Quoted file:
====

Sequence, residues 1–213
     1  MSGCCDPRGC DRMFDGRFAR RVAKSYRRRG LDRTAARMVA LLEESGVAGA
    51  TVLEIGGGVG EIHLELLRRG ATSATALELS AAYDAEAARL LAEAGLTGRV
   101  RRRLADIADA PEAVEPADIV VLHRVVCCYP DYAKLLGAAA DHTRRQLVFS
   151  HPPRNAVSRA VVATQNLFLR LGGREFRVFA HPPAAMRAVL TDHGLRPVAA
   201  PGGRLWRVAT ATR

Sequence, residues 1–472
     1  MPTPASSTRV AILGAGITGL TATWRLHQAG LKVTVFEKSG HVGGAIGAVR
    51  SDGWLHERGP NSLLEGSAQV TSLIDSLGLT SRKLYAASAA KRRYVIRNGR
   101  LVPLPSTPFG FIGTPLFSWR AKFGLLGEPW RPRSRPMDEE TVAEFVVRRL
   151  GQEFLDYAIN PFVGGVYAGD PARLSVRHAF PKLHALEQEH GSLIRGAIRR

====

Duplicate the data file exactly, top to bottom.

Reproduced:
Sequence, residues 1–213
     1  MSGCCDPRGC DRMFDGRFAR RVAKSYRRRG LDRTAARMVA LLEESGVAGA
    51  TVLEIGGGVG EIHLELLRRG ATSATALELS AAYDAEAARL LAEAGLTGRV
   101  RRRLADIADA PEAVEPADIV VLHRVVCCYP DYAKLLGAAA DHTRRQLVFS
   151  HPPRNAVSRA VVATQNLFLR LGGREFRVFA HPPAAMRAVL TDHGLRPVAA
   201  PGGRLWRVAT ATR

Sequence, residues 1–472
     1  MPTPASSTRV AILGAGITGL TATWRLHQAG LKVTVFEKSG HVGGAIGAVR
    51  SDGWLHERGP NSLLEGSAQV TSLIDSLGLT SRKLYAASAA KRRYVIRNGR
   101  LVPLPSTPFG FIGTPLFSWR AKFGLLGEPW RPRSRPMDEE TVAEFVVRRL
   151  GQEFLDYAIN PFVGGVYAGD PARLSVRHAF PKLHALEQEH GSLIRGAIRR